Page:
By the late 1880s, Barringer had won the legal battle for his property, but he was an old man, and he decided to let it go. The property changed hands several times. In 1888, new owners diverted the flow of Long Creek away from the original entrance shaft. That made work in the mine easier. But it set the stage for tragedy.
In 1903, the Barringer Mine was bought by the Whitney Company, which had been set up four years earlier to build a dam for a power company at the nearby Yadkin River Narrows. Its general manager was an English-born mining engineer named Egbert Barry Cornwall Hambley. North Carolina newspapers buzzed about the Narrows project, one suggesting that it would make the Yadkin “the Niagara of the Cotton Belt,” transforming the sleepy surrounding towns into bustling industrial cities. By 1901, Hambley and the Whitney Company had bought roughly 15,000 acres in the Morrow Mountain area, stretching about 13 miles from each bank of the Yadkin.
Less than a year after the company acquired the Barringer Mine, workers at the site uncovered a fortune. Six tons of ore with an average value of $20,000 per ton — more than $640,000 today — were hauled out in just a few days. The Salisbury Daily Sun reported “masses of almost pure gold as large as a man’s fist.” The vein showed no signs of giving out. The Whitney Company continued to rake North Carolina gold into its vaults in 1904 while assembling men, machines, and materials for its massive construction project at the Narrows. It seemed that the Barringer Mine was finally producing the wealth that miners had long suspected to exist deep beneath the ground.
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On August 11, 1904, nine miners escaped the steamy dog days of summer when they climbed down the long ladder into the cool shafts of the Barringer Mine. Around 2:30 p.m., the heavens opened. In Charlotte, an inch and a quarter of rain fell in only 25 minutes. At the Barringer Mine, flooding broke the earthen dam of a retaining pond that was built after Long Creek had been diverted 16 years earlier. Millions of gallons gushed toward the mine. A giant whirlpool formed at the shaft entrance, and water swirled into the mine like it was draining from a bathtub. Only one miner — an African-American man named Jim Reid — escaped. The others — seven black and one white — died sudden and terrifying deaths deep in the pitch-black darkness. It took weeks to empty the mine and recover all of the bodies.
One newspaper reported “masses of almost pure gold as large as a man’s fist.”
The family of 18-year-old Will Canupp, the white miner who’d been killed, sued the Whitney Company. They eventually settled for $1,850 — about $54,000 today. No records could be found at the Stanly County Courthouse for the families of the seven black miners — Henry Deberry, Charles Eudy, Will Harris, John Mangum, James Miller, Caleb Moose, and Will Stirewalt. Later newspaper reports, however, said that all of the families received settlements.
Work at the Barringer Mine resumed that fall, but in August 1905, a year after the disaster, the mine shut down for good. The tragedy was a stunning setback for the Whitney Company, but work continued on the Yadkin River dam. Some of the men who’d worked at the mine were sent to the Yadkin, and by 1906, construction on the project was going around the clock. Huge granite blocks from Rowan County were being laid in place to stop the water.
And then another tragedy hit. On August 13, 1906, Hambley, the manager of the Whitney Company’s North Carolina operations, died during a typhoid epidemic. But the fatal blow to the company’s plans fell in February 1908, when George I. Whitney, the Pittsburgh industrialist who’d founded the company, was indicted for embezzlement. Work at the Yadkin ceased, and the dormant Barringer Mine, along with the company’s other mines in Gold Hill, was closed indefinitely.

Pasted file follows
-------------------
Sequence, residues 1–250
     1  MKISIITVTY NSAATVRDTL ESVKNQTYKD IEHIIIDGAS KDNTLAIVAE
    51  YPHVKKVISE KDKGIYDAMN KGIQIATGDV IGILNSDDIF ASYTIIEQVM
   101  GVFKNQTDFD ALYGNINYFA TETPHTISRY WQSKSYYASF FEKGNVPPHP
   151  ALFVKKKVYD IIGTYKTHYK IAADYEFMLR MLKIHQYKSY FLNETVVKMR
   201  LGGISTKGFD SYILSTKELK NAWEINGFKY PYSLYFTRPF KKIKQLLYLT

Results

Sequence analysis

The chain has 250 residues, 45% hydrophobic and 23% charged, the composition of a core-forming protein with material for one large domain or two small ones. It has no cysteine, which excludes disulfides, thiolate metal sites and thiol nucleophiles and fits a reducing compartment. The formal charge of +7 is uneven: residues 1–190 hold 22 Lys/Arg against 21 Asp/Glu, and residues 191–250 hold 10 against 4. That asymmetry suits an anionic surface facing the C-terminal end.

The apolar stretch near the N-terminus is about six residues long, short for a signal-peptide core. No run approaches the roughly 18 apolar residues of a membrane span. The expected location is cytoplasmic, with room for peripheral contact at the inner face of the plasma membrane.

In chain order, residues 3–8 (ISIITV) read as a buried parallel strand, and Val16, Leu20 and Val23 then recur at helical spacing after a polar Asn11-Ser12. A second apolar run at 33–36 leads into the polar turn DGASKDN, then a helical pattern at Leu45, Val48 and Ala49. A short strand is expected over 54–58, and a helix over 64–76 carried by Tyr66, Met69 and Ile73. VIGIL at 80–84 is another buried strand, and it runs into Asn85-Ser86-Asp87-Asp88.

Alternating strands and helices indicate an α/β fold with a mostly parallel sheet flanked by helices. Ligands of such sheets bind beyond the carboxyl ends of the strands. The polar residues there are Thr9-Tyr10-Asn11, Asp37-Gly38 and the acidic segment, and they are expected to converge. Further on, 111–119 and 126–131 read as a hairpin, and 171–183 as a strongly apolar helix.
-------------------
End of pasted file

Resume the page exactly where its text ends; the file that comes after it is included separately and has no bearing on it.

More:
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Eventually, a Dam was completed on the Yadkin River to power the Alcoa plant at Badin Lake. The Yadkin Narrows is now under a couple hundred feet of water.
The Barringer Mine property changed hands several times over the decades following the flooding tragedy. There was occasional talk of reopening the mine, but nothing came of it. Eventually, the property was bought by Henry Davis Plyler, who found enough gold in the mine to buy each of his sons a farm. But he did not reopen the site. By the mid-1960s, the buildings that the Whitney Company had erected were falling down. At that time, Plyler’s grandson C.D. owned the land. He once hinted to the Salisbury Post that he’d sell the mineral rights for $50,000 — about $408,000 today. There were no takers.
In 1998, John Fisher and his partners bought the property from the Plyler family and hoped to reopen the mine or establish a quarry there. Fisher had the rocks that he brought out of the mine assayed, and he learned that they contained veins of almost pure gold. But residents vigorously protested plans to reopen the mine, and the Stanly County Board of Commissioners refused to approve rezoning for heavy industry. Fisher walked away.
Today, a state historic marker stands at U.S. Highway 52 and NC Highway 49 in Richfield, briefly retelling the story of the Barringer Mine. The site is about a mile and a half, as the crow flies, from the busy intersection. John Pickler, a Richfield farmer, bought the land — and the mining site — several years after Fisher and his partners’ failed efforts. Pickler says he has no doubt that there’s still gold down in those dark and dank shafts. But he’s content to leave a sleeping beast alone. Almost two decades later, he well remembers the fierce debate. “It was ugly,” Pickler says, “and it got uglier. That’s why the Barringer will never be mined in our lifetime.”